• It could be a mole. I had one few years ago bringing up a big pile of earth as it was building a nest. It was in a kind of shed under a slab (20cm•20cm) made of plaster and it had no problem pushing it up. If the wooden floor is rotten, it could be a possibility.
    It would explain why you don't see any entrances outside.
    Pictures would definitely help.

    Edit: Apparently there are no moles in Ireland so... No it is not a possibility.




  • You need a lizard

    If the lizard doesn’t leave then you’ll need a Chinese needle snake

    If the snake doesn’t leave you’ll need a gorilla

    The beautiful part is when winter rolls around the gorilla will freeze to death




  • Deub wrote: »
    It could be a mole. I had one few years ago bringing up a big pile of earth as it was building a nest. It was in a kind of shed under a slab (20cm•20cm) made of plaster and it had no problem pushing it up. If the wooden floor is rotten, it could be a possibility.
    It would explain why you don't see any entrances outside.
    Pictures would definitely help.

    No moles in the wild in Ireland: I've never heard of one being found or even seen.
    Seriously, I know the Irish mammals: the animals that burrow underground are badger, fox (rarely enough) rabbit and rat.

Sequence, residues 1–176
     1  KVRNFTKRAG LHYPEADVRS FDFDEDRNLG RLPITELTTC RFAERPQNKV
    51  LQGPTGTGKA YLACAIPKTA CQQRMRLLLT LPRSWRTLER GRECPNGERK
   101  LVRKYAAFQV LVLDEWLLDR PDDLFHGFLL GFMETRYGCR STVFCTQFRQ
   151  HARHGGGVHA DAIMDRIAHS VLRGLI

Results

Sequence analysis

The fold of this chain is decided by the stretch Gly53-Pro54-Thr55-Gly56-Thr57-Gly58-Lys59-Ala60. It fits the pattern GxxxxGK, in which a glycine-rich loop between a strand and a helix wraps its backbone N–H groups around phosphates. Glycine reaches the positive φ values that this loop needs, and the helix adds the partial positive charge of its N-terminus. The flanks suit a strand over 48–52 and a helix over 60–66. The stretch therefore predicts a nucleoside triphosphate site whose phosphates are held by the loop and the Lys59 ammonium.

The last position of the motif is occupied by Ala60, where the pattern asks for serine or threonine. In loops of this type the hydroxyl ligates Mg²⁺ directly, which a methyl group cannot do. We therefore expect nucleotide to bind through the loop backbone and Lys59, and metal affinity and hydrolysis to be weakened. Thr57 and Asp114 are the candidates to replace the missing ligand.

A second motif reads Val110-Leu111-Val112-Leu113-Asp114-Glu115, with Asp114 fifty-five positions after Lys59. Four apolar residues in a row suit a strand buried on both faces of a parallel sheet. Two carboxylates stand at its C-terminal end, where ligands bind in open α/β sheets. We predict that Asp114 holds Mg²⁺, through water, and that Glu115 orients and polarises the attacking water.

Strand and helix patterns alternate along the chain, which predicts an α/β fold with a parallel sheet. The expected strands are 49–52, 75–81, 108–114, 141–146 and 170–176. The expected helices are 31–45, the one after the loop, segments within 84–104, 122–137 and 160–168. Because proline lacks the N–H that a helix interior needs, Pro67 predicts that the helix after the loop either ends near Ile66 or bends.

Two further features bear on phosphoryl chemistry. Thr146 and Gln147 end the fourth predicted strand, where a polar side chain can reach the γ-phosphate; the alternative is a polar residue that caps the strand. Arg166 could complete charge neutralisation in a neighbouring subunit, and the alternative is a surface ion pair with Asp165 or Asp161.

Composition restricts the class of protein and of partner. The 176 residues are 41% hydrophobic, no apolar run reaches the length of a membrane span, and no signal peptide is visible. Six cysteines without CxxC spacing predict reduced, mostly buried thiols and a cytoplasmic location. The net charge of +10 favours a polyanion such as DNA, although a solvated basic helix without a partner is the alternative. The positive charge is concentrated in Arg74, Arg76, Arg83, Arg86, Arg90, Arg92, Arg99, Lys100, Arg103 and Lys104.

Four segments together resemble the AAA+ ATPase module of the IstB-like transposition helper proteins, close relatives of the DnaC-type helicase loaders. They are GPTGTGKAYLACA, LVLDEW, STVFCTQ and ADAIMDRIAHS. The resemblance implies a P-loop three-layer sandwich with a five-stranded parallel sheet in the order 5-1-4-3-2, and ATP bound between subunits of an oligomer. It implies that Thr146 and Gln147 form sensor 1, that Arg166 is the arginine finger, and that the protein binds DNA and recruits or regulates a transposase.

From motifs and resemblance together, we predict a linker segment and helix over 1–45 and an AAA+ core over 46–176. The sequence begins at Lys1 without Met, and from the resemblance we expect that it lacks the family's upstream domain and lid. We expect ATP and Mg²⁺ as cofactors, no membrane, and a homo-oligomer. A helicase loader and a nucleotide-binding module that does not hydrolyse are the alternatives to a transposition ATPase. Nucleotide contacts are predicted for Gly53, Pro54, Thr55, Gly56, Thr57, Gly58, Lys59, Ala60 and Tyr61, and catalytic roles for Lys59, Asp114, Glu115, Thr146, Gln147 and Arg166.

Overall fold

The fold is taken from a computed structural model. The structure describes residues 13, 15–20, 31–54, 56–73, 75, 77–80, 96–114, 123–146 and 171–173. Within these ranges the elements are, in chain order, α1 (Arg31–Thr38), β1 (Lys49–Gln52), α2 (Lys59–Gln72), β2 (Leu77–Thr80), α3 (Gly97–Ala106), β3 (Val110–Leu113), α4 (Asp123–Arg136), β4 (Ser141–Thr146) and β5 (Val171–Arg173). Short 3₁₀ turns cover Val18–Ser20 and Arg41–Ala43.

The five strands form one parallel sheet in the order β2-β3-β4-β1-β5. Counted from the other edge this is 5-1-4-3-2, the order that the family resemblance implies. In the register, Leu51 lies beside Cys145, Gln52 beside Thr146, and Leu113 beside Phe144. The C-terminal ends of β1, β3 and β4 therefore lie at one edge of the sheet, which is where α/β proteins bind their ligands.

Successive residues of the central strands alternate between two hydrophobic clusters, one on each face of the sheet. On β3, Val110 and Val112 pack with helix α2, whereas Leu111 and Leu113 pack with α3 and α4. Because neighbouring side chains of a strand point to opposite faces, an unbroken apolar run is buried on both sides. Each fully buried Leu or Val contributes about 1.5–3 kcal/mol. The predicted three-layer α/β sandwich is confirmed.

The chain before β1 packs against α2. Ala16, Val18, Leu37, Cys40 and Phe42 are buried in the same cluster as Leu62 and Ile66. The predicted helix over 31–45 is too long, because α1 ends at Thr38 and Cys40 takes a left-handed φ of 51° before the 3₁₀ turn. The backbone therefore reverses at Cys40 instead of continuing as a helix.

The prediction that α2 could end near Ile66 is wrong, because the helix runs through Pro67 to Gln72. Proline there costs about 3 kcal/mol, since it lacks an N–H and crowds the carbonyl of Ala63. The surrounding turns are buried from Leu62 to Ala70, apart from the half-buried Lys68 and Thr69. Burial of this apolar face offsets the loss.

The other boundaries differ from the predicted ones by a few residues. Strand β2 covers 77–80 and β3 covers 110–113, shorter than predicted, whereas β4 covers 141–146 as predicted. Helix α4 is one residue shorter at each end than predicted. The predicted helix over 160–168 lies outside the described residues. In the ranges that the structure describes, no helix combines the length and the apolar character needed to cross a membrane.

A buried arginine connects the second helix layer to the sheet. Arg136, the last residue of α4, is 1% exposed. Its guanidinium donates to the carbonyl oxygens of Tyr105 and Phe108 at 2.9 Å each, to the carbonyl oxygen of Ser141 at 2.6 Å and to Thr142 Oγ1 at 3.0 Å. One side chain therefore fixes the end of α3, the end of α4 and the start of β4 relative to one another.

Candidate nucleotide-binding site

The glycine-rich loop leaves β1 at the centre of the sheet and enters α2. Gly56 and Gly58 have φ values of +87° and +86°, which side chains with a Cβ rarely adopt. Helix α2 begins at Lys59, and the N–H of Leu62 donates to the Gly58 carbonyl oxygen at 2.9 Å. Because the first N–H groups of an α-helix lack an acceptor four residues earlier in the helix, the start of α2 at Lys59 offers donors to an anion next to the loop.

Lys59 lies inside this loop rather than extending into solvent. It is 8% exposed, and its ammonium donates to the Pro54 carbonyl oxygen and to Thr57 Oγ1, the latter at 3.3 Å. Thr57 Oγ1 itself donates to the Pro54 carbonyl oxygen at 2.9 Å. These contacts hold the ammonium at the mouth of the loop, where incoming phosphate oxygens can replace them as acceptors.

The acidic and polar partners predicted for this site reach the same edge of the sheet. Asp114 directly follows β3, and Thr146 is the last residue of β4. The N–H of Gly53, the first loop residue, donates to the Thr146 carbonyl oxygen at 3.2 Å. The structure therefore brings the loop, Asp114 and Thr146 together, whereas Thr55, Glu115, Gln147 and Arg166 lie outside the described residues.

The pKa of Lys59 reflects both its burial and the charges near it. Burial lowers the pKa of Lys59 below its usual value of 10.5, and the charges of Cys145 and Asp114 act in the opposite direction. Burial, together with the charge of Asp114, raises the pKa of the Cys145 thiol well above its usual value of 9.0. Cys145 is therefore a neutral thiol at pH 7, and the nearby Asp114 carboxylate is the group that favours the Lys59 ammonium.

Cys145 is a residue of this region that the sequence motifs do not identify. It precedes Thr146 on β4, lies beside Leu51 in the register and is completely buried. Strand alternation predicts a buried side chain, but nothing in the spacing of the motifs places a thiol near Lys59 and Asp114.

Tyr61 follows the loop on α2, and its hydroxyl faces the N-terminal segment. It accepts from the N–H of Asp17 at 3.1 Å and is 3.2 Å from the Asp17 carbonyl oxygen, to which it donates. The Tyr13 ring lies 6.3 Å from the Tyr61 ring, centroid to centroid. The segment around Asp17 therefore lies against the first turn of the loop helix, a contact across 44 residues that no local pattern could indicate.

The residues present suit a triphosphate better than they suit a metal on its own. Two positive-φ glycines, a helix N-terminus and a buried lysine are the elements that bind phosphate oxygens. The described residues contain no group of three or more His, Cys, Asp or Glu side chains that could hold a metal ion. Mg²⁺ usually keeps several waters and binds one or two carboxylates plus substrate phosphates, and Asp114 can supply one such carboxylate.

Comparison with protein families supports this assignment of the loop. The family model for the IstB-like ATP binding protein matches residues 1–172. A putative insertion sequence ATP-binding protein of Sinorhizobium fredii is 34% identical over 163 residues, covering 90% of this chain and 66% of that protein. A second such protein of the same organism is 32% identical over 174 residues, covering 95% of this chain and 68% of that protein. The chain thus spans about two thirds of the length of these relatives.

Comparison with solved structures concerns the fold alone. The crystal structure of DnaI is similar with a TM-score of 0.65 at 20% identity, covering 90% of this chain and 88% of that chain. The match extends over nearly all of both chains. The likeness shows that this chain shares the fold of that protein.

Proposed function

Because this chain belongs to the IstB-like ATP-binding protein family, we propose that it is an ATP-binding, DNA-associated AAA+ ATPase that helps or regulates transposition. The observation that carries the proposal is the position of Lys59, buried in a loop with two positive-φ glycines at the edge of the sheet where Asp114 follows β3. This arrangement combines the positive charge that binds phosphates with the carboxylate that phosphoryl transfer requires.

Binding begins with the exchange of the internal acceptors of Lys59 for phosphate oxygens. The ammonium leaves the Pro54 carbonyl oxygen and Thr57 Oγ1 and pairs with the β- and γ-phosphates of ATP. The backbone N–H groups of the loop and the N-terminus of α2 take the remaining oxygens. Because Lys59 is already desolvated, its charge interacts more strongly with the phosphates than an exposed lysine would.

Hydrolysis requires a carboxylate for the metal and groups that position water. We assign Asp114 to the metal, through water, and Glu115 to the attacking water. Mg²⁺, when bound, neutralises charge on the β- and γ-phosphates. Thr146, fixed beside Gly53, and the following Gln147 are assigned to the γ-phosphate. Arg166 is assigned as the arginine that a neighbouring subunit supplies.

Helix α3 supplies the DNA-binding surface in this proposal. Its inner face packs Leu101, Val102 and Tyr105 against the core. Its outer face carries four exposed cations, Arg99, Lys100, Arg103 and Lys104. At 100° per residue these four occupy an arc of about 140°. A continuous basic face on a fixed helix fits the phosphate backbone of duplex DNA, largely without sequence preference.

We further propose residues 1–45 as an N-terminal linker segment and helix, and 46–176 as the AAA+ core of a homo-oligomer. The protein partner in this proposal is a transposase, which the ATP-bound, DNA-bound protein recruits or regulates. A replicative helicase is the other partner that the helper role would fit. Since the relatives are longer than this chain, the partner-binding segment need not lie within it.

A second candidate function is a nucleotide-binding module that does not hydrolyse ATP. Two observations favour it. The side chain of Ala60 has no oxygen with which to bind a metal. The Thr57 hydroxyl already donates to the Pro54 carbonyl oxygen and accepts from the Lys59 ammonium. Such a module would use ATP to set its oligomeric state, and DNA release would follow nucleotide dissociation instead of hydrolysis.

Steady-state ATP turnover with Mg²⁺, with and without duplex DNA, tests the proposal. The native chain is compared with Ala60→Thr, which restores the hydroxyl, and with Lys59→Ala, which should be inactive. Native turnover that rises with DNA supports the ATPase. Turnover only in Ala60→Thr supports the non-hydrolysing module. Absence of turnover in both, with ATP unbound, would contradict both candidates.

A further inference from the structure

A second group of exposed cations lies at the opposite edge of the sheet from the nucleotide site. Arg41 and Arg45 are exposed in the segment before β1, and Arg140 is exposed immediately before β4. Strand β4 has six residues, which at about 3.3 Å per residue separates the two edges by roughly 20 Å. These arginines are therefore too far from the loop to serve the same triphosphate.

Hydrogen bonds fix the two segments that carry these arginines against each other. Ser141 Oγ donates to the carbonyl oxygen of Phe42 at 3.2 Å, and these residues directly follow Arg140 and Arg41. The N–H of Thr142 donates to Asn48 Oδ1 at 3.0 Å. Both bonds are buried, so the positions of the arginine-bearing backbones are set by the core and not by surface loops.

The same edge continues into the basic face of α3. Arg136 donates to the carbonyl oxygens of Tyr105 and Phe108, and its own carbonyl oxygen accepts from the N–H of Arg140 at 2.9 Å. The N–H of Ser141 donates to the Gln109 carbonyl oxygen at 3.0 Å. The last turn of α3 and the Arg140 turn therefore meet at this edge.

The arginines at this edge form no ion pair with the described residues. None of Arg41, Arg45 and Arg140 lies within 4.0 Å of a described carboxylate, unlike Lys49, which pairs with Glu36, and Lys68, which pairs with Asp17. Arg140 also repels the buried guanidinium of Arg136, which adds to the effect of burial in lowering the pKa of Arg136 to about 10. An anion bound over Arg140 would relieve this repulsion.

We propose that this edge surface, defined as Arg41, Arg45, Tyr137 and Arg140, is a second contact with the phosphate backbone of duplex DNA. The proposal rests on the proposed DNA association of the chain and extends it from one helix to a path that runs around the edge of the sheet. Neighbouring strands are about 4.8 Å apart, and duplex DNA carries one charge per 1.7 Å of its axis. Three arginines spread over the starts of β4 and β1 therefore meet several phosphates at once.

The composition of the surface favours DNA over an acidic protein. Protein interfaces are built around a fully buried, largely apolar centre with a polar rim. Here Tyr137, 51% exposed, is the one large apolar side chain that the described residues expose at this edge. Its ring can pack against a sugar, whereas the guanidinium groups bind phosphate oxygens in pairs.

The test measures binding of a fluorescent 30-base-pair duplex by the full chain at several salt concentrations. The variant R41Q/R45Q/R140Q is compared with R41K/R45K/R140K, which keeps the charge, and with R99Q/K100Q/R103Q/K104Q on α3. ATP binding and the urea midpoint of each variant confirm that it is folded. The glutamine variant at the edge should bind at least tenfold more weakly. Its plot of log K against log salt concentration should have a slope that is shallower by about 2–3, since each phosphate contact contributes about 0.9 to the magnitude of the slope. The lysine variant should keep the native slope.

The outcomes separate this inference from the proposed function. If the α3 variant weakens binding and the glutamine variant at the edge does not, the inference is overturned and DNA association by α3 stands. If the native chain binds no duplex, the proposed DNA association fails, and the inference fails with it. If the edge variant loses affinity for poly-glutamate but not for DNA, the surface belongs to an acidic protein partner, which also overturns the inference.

On a smaller scale, Things like ants, bees, mice may dwell underground in earth holes: but pushing up mounds would be too much for them!
    Almost certainly rats.




  • Let us know how you get on. Post a few pics. I need closure!!




  • Day Lewin wrote: »
    Badgers are strictly nocturnal, so look out the window at night if you want to identify your visitor for sure.
    Also, they make latrines - scrapes in the ground for droppings: and they peel back lawn grass to get at earthworms, insects, bulbs etc. So there would be signs to see.
    They do NOT attack humans unless provoked, eg during cruel and illegal blood sports.
    They're also usually social animals with a colony: so your creature would be just passing through on teh way to setting up a home.
    If you disturb the place, it will move on.
    That is, if it IS a badger: what makes you so sure?